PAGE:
FictionPimp: Basically, wrist locks are usually considered relatively hard to get on a resisting man in the street because they're fine joint manipulations. That's basically why people consider them poor techniques.
    It's actually worse than this.
    Firstly, there is verry little leverage avaliable on the wrist, so simply forming a tight fist stops them from working. Imagine if armbars could be stopped by people tensing their arm. Royce Gracie would have got his arse kicked all the way through the inital UFCs.

    Secondly the wrist is at the end of a long and flexible limb on top of a mobile body. If you want to effectively apply a wristlock you have to do it in such away that the wrist is isolated and they can't nullify it simply by moving their elbow, rotating the arm or walking away from you.

    Quote Originally Posted by Stickx
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  8. #48
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    If you want to effectively apply a wristlock you have to do it in such away that the wrist is isolated and they can't nullify it simply by moving their elbow, rotating the arm or walking away from you.
    -This is why wrist locks are best done in newaza.

  9. #49
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    Quote Originally Posted by Jekyll
    It's actually worse than this.
    Firstly, there is verry little leverage avaliable on the wrist, so simply forming a tight fist stops them from working. Imagine if armbars could be stopped by people tensing their arm. Royce Gracie would have got his arse kicked all the way through the inital UFCs.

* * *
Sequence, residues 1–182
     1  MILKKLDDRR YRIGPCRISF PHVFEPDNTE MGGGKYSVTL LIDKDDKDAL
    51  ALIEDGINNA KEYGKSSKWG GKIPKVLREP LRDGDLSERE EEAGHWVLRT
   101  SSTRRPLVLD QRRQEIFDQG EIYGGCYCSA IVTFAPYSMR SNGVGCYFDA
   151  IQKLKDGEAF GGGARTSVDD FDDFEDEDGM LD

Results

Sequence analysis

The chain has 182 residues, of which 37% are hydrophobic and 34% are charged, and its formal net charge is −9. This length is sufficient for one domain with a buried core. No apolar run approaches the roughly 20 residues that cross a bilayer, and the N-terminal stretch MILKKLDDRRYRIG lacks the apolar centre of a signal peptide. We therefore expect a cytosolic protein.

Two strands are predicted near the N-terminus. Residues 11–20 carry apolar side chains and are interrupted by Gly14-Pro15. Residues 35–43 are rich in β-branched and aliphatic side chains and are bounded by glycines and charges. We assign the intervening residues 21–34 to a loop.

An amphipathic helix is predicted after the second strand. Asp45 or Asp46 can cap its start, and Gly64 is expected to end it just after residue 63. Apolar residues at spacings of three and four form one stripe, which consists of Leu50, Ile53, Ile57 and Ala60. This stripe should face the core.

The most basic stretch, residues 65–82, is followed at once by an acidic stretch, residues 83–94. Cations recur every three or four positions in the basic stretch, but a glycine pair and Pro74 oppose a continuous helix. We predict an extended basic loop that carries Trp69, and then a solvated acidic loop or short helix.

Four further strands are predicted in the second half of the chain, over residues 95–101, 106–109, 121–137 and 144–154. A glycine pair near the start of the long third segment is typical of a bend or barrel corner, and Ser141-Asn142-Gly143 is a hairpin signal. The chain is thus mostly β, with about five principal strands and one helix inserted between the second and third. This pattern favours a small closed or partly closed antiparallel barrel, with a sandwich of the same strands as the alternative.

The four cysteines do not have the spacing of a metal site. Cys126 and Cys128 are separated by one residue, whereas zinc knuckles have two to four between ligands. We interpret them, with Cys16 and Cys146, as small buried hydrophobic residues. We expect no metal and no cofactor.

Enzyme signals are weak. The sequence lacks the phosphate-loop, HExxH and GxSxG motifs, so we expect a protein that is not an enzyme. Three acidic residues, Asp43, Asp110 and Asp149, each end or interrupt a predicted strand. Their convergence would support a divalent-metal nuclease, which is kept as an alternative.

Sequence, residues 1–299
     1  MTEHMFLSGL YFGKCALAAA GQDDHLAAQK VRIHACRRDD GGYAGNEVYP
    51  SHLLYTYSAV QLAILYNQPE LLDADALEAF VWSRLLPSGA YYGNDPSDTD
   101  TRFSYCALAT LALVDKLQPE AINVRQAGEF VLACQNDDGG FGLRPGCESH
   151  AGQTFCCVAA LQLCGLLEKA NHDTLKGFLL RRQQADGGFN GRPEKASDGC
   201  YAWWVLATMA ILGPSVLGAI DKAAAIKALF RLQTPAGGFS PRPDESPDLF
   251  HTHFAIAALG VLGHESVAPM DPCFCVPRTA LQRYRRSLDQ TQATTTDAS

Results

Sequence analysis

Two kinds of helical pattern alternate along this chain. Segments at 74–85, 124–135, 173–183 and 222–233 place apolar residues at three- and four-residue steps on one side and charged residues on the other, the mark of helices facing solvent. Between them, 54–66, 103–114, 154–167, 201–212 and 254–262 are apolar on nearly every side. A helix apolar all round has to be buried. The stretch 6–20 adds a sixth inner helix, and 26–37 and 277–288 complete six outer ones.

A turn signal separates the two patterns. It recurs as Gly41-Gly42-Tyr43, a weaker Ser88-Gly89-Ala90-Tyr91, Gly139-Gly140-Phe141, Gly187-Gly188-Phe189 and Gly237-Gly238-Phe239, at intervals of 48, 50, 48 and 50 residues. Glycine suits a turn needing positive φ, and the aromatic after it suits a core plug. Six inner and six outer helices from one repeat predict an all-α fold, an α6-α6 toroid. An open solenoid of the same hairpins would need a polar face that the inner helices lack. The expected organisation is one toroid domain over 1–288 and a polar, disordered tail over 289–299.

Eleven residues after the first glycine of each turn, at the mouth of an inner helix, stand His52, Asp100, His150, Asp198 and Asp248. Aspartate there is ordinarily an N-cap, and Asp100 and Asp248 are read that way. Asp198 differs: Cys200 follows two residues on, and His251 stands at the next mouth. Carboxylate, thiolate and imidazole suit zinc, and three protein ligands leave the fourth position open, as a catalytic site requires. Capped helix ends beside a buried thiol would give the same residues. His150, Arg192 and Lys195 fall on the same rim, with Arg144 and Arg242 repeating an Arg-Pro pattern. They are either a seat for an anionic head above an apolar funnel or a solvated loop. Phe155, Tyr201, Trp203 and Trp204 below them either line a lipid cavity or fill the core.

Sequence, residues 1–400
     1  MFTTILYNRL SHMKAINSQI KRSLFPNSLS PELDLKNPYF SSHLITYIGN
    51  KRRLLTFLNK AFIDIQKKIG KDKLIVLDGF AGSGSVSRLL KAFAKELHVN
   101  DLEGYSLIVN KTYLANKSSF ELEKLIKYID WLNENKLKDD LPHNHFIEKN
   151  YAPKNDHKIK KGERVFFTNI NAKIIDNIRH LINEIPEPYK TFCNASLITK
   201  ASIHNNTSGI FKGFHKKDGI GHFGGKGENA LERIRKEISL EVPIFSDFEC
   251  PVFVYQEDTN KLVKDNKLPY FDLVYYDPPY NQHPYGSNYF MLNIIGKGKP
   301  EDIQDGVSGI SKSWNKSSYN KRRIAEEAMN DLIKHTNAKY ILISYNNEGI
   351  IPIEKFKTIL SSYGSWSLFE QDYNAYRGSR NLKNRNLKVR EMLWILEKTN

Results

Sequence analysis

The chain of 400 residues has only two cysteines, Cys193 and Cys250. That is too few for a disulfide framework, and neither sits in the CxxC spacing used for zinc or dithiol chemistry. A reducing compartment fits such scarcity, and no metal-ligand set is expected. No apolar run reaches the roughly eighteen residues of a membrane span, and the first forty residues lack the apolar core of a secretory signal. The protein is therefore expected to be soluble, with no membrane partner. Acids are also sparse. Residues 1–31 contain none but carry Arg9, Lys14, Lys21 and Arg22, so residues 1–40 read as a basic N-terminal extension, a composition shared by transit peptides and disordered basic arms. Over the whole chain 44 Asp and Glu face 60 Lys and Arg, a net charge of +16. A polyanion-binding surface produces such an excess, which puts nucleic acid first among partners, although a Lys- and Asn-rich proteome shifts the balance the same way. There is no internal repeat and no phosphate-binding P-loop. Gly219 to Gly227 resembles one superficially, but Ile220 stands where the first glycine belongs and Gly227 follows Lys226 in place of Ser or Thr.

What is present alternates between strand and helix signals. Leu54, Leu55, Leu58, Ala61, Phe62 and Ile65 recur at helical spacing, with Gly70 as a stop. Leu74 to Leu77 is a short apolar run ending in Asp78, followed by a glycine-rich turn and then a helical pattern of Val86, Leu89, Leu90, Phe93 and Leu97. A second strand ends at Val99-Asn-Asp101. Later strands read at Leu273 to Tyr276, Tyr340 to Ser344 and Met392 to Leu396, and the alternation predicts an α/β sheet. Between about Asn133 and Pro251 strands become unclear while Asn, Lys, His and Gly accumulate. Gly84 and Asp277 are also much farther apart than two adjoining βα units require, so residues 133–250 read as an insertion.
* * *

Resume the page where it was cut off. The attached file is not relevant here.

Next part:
Secondly the wrist is at the end of a long and flexible limb on top of a mobile body. If you want to effectively apply a wristlock you have to do it in such away that the wrist is isolated and they can't nullify it simply by moving their elbow, rotating the arm or walking away from you.
    Under pressure and real resistance I have only pulled wristlocks off from the turtle position while rear mounted as they reached in to get their hooks or RNC . The wrist locks dont usualy sink in but it gives me a second or two while they escape it to regroup and try to move into a better position .

    Maybe one day after enough drills and practice I could use them outside of : "OH **** ! " positions and maybe work them into my game .
    Quote Originally Posted by ghost55 View Post
    Violence is pretty uncommon in clubs in this area, and the dude didn't seem particularly hostile up until the moment he slapped me.